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Stedman and Hutchinson, comps. A Library of American Literature:
An Anthology in Eleven Volumes. 1891.
Vols. IX–XI: Literature of the Republic, Part IV., 1861–1889

As Glides the Pictured Dream

By John Adams (1704–1740)

[“To the Rev. Mr. Turell on the Death of his Virtuous Consort.” From Poems on Several Occasions. 1745.]

THE DARTS of death within her bosom deep

Have urged the fatal wound, and fixed the lasting sleep.

The impartial tyrant round his arrows throws,

Nor heeds our prayers nor melts before our vows.

The charms of beauty wither from his hands,

As fades a flower, and to a tempest bends.

Nor eloquence can soothe, nor virtue awe,

Nor force repel the power of nature’s law.

To limits fixed, our destined course we bend,

And with resistless haste to death’s pale empire tend.

From scene to scene our shifting moments go,

And then return the ground the dust we owe.

As glides the pictured dream before our sight,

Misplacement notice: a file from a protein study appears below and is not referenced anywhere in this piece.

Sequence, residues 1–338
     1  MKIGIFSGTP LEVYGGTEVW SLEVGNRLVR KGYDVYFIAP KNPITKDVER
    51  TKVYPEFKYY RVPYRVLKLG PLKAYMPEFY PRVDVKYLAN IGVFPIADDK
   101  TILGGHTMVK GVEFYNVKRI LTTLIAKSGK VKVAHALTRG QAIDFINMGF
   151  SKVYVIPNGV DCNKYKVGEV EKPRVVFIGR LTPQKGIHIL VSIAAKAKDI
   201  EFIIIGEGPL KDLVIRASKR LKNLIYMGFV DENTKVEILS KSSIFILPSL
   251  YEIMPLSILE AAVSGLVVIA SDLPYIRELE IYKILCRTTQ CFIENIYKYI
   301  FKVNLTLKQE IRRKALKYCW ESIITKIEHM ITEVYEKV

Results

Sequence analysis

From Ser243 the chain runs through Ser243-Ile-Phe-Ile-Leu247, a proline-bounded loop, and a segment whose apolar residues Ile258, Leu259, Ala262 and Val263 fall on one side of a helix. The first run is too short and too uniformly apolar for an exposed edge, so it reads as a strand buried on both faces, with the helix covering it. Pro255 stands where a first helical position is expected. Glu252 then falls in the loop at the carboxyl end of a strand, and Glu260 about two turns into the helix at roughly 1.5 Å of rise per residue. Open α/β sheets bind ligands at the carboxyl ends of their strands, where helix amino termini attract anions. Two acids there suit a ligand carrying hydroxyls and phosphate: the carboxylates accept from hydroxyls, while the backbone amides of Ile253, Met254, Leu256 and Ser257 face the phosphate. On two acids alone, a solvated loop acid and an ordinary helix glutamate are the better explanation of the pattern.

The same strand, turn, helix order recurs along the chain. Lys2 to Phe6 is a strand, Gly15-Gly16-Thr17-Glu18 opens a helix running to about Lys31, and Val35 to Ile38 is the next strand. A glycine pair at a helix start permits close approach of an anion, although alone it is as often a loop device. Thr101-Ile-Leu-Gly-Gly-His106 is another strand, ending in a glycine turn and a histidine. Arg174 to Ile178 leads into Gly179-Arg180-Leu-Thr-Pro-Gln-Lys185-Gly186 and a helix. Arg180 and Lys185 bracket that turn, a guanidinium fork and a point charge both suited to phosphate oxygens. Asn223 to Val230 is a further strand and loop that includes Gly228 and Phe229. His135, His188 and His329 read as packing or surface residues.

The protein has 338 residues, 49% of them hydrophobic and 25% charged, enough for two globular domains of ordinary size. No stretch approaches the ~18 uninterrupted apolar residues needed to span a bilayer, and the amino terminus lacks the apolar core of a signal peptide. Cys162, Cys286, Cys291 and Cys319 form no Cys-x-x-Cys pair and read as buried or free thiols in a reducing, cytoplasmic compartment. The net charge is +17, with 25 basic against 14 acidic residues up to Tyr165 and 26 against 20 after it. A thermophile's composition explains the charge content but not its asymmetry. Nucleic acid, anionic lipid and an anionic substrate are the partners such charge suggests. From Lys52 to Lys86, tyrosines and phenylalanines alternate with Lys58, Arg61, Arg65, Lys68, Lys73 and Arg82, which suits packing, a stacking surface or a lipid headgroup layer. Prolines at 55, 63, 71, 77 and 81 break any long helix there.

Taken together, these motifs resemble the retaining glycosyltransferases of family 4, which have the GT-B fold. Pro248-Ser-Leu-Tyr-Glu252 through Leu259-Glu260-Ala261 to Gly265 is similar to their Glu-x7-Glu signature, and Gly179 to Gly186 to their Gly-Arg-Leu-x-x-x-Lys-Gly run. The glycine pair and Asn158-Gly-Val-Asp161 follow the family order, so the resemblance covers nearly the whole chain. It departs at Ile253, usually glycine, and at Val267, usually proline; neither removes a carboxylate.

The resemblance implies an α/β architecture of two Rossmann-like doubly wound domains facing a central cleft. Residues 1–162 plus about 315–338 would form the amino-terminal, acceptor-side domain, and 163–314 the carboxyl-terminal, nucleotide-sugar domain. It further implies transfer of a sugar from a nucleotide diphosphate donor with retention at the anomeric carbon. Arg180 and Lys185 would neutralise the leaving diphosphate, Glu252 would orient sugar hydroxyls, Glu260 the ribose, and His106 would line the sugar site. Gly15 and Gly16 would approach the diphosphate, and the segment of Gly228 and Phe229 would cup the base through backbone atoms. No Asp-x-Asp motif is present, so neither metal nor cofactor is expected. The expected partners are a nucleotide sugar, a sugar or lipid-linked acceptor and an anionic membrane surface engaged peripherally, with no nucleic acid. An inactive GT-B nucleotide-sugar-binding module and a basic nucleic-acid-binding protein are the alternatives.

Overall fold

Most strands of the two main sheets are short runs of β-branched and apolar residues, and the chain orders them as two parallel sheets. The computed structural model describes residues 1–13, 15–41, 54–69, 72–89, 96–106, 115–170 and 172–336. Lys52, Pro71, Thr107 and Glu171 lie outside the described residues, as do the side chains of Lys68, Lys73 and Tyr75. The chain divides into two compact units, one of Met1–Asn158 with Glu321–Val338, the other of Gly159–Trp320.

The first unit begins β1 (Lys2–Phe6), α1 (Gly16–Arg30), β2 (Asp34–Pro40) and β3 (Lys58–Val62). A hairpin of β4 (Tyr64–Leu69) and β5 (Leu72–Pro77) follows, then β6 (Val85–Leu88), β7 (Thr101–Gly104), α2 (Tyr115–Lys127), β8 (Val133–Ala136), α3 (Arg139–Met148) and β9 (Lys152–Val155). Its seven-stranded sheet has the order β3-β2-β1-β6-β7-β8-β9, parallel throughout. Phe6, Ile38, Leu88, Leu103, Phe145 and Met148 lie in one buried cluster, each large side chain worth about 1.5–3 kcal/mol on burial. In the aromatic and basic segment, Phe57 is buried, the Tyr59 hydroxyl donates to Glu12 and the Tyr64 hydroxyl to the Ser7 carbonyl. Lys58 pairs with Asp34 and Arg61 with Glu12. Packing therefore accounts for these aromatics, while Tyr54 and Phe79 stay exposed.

Winged with the fleeting shadows of the night,

So borne upon the quick succeeding hours

We drop in death, and drink surviving showers.

Adown our cheeks th’ unwearied currents shed

Can ne’er revive, but may increase the dead.

Had you the lyre of Orpheus, which could move

The quickened stones, and each attentive grove;

Or could you flow in such a moving strain

As Turell warbled to the listening plain;

In vain the tender plaints would charm her ears,

Bound to the breathing consort of the spheres.

Who would the doubtful maze of life repeat,

Where fleeting scenes the gilded fancy cheat?

Where cares and sorrows circle through our years,

While future evils rise before our fears?

And feel the fires of heavenly rapture die,

And blot with tears the vision of the sky!